• FWAA member(s) should help the SID with requests for players to be interviewed after a game. Any player who has played (and is not injured) and is not made available for interviews will be so noted by FWAA observers. The FWAA recommends open locker rooms after games, but short of this, any player who plays in a game and is not injured, upon request, should be made available to the media.
  • An FWAA pool reporter or a reputable news person should be designated by the home SID before every game in case there is an officiating controversy during the game.
  • Boosters should not be present at post-game news conferences involving the media, coaches and players. Interruptions or noise will be duly noted by the FWAA observer. Press boxes where non-media are disruptive will also be noted.

 

President’s column: As media industry changes, let us know how the FWAA can help 1

2018 FWAA President Stefanie Loh of the Seattle Times

I’m incredibly honored to be called upon to lead the FWAA into its 77th year.

I fell in love with the game of football while watching the NFL on television half a world away. But it wasn’t till I started college at the University of Oregon that I acquired an appreciation for the college version of the sport.

For a native Singaporean who grew up in a country where “football” means soccer, and virtually no one I knew understood the rules of American football, I never imagined that this sport would become such a big part of my life.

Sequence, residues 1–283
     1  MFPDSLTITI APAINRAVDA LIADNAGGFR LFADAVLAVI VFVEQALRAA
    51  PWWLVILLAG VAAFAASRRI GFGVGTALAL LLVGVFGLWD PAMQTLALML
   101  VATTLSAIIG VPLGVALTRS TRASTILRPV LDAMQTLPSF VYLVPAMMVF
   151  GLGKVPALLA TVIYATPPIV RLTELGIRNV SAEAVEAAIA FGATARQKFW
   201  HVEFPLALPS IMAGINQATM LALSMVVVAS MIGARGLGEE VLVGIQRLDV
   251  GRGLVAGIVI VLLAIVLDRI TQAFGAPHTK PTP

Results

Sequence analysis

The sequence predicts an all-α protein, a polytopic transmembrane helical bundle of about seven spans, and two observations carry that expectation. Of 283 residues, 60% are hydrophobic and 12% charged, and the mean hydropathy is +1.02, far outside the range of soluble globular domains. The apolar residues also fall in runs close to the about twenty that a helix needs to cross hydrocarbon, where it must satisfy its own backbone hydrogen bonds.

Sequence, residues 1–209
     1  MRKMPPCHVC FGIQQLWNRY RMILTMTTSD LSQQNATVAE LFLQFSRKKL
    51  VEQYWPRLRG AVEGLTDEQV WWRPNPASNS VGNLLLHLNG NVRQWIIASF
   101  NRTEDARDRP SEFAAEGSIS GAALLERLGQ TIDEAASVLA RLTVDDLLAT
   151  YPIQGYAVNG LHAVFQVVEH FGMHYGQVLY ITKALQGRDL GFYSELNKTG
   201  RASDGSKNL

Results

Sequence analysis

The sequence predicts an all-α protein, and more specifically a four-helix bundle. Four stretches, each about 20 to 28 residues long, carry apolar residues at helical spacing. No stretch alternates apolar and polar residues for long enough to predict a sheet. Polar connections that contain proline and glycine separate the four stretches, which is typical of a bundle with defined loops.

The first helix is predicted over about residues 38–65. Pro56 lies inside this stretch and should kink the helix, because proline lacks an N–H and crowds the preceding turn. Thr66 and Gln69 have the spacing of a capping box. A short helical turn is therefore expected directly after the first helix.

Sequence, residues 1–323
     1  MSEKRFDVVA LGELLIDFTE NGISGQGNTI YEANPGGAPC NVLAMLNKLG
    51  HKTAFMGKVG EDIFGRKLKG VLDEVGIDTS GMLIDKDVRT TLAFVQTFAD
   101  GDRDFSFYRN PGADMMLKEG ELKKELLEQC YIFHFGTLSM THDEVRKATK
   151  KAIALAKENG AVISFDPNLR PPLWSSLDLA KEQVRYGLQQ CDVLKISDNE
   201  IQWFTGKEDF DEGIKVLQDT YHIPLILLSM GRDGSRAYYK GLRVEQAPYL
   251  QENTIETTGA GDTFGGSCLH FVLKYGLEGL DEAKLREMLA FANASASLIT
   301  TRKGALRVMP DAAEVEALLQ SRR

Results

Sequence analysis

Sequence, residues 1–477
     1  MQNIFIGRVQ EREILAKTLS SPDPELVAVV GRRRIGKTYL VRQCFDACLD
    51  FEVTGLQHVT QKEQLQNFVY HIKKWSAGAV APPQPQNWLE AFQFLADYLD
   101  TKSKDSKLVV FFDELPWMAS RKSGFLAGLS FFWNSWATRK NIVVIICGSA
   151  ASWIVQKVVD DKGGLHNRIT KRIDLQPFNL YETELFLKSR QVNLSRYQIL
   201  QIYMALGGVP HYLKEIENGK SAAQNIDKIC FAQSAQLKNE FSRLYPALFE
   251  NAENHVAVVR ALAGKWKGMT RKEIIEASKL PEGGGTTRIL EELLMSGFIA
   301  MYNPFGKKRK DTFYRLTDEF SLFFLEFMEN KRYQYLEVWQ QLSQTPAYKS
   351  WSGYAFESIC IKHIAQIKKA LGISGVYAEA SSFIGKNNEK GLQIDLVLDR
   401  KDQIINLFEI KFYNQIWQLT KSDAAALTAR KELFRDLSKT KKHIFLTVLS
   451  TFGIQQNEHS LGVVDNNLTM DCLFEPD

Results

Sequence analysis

As an industry, college football is perhaps the most unique spectator sport of its kind. The gladiatorial nature of the game, combined with the creativity you see at the college level, with its variety of offenses and defenses, and the built-in dramatic quality that comes from the way the season is structured – every game counts – captivates the country like nothing else.

In my career, I’ve covered college football on both coasts, reporting on schools in several different conferences and at newspapers of varying sizes. I believe that background gives me a solid base from which to understand the trials and challenges that covering this sport poses to media members at organizations of different sizes. And I hope you will all use us as a resource to help you do your jobs.